Microemulsions & Curvature

Quick Start

The hydrotrope literature is very confusing and it sometimes include microemulsions as examples of hydrotropy. This is most unhelpful. Have a quick read to see why, and to see which resources can really help.

For those who prefer to use the term "hydrotrope" to mean nanodroplets of oil-in-water emulsions with a surfactant fully surrounding the drop then the standard way to talk about them is as microemulsions. It is a sad artefact of history that these nano-sized drops are called microemulsions and the more recent term "nanoemulsions" is reserved for classical emulsions with very small drops. The key difference between a microemulsion (with its nano-sized drops) and a classical emulsion (even those with nano-sized drops) is that microemulsions are thermodynamically stable and can, in principle, be formed with the simplest shake of the ingredients, whilst classical emulsions are only kinetically stable as there is not a whole shell of surfactant surrounding each drop, and they need lots of dispersion energy to create them.

There is a whole, predictive science of microemulsions based on HLD-NAC theory and this is fully described in Practical Surfactants so this aspect of hydrotropy is not discussed further here, other than to say that it is much easier to understand microemulsions via HLD-NAC than via the ad-hoc methods commonly found in discussions of microemulsion hydrotropes.

Of course there are other ways to look at microemulsions such as via packing parameters (but not the over-simplified CPP) or "surfactant-free" microemulsions. But for all its many faults, HLD-NAC is about the only tool that non-experts can use to help navigate through the complex world of mixed surfactants and mixed oils. If there are superior approaches that can be made into handy apps for non-experts to use then I would be delighted to use them myself.


A crucial part of any microemulsion theory involves the curvature of the interface. If the curvature is high then the drop is small and the solubilisation is low; a small curvature implies a large radius, large drops and large solublilisation. When curvature is 0 one has a Type III/IV emulsion where the oil and water phases intermingle, and interfacial tension is, zero.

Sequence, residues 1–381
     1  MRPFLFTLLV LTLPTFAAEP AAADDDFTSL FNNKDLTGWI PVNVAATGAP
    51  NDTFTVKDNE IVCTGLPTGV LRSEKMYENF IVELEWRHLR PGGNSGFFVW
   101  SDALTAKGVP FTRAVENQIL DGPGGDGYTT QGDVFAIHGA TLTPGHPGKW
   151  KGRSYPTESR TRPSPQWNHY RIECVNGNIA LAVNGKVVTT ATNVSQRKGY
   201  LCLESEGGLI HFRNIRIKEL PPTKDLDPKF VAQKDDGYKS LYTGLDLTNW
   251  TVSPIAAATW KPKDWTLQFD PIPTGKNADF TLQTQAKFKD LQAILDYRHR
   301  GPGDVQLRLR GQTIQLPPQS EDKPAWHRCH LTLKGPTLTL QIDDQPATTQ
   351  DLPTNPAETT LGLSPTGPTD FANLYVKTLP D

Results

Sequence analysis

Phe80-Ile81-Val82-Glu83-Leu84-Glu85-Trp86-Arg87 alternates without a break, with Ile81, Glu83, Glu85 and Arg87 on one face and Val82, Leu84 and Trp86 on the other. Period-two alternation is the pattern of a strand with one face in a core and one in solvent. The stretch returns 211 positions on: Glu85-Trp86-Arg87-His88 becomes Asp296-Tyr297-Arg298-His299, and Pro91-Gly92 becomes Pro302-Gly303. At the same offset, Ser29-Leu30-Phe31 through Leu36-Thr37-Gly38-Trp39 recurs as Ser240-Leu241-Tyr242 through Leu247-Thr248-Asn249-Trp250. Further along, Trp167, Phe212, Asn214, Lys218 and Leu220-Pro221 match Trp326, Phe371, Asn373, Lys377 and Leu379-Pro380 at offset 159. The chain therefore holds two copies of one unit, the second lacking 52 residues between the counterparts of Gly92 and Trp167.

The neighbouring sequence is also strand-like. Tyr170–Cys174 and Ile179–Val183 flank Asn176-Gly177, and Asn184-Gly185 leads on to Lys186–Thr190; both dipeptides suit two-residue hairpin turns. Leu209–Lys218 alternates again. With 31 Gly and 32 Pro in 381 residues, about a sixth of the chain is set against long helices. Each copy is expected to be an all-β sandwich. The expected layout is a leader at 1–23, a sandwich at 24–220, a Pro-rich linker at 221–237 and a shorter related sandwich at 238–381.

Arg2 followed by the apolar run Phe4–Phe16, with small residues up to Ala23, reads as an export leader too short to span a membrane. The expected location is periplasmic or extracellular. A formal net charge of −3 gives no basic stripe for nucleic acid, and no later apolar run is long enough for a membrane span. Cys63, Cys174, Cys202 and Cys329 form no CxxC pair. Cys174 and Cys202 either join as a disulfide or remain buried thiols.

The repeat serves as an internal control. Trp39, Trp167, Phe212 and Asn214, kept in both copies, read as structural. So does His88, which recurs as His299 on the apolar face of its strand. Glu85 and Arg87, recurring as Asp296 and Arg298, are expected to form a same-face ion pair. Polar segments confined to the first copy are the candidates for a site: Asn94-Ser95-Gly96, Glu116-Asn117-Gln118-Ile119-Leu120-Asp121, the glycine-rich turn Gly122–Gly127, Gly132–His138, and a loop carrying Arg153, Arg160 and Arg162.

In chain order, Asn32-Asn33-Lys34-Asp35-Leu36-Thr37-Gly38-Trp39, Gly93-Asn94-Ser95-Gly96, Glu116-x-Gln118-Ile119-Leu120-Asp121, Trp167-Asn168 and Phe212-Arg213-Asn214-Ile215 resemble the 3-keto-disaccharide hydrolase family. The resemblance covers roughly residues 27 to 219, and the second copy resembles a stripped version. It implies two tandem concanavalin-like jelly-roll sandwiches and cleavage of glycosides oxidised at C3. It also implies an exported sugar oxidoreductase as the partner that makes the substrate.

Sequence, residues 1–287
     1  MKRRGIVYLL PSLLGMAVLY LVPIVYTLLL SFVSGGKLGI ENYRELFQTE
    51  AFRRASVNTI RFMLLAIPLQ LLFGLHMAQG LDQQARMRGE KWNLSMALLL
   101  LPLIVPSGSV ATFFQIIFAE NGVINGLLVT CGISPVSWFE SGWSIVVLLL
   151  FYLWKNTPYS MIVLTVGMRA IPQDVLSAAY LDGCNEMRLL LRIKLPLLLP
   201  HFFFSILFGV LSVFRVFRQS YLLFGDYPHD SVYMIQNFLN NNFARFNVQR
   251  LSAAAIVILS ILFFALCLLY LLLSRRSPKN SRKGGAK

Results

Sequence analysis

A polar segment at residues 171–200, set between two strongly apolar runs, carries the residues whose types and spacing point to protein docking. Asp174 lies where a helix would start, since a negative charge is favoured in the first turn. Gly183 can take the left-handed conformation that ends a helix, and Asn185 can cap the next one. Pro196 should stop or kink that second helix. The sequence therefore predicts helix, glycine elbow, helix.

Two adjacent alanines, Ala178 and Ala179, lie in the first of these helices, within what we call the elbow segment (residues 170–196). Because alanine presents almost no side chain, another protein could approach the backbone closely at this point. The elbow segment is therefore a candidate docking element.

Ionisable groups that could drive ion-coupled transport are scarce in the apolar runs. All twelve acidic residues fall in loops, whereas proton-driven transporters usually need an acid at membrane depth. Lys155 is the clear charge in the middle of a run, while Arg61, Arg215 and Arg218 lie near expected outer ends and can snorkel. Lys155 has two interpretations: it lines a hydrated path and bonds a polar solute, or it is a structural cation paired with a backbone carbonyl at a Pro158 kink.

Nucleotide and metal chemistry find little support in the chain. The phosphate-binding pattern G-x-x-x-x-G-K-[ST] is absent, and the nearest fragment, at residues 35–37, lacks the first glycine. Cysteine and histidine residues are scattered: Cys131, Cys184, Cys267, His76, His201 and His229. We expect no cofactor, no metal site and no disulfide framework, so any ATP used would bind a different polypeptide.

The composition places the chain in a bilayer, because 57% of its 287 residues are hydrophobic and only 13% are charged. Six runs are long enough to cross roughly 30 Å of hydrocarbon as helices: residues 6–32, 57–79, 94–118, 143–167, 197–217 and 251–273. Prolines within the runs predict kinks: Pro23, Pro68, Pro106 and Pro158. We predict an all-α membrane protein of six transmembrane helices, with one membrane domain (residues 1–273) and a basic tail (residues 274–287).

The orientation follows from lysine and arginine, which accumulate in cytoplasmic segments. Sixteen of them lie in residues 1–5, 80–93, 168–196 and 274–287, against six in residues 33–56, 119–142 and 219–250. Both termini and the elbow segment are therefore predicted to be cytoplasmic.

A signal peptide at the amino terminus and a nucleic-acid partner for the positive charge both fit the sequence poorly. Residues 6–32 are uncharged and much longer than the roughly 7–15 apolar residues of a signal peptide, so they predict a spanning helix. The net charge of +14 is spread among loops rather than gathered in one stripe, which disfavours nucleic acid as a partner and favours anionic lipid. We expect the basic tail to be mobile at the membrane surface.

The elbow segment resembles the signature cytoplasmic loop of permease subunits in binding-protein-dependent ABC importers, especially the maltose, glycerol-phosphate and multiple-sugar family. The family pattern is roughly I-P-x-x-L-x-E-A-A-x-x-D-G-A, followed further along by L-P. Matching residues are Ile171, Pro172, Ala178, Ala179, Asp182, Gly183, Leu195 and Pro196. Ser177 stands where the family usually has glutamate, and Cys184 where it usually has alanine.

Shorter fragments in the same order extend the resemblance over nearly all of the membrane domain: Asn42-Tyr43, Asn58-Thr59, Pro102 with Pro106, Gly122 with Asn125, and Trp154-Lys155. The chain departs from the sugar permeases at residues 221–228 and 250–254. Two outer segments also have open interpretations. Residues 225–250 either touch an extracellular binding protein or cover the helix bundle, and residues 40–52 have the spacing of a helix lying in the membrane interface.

A paper from the Kunz group in Regensburg1 shows that curvature, HLD (with some nuances necessary for NAC) and PP, packing parameter, are each a different way of looking at the same phenomenon. Packing parameter is different from the well-known CPP (Critical Packing Parameter) which is assumed to be a constant for any given surfactant. This has given the impression that some surfactants with a CPP<1 can only give o/w emulsions and those with CPP>1 can only give w/o emulsions, whereas any surfactant can be made (given the right oil, salinity and temperature) to give o/w or w/o. So PP is a variable that depends on formulation conditions.

The PP is brought to life by the CIT (Constant Interface Thickness) paper from Tchakalova's group at Firmenich2. The CIT app uses their approach to think through what is happening with different species in all relevant phases. In practice, the measurements required to generate the necessary data require too much effort for most practical formulators and in a later paper3 Tchakalova's team used HLD theory for analysis of a large number of fragrance/surfactant interactions. But because HLD, curvature and PP are inter-related one can use one approach experimentally to gain insights into what is going on fundamentally.

1Werner Kunz, Fabienne Testard, and Thomas Zemb Correspondence between Curvature, Packing Parameter, and Hydrophilic-Lipophilic Deviation Scales around the Phase-Inversion Temperature. Langmuir 2009, 25, 112-115
2Vera Tchakalova, et.al. Solubilization and interfacial curvature in microemulsions I. Interfacial expansion and co-extraction of oil Colloids and Surfaces A: Physicochem. Eng. Aspects 331 (2008) 31–39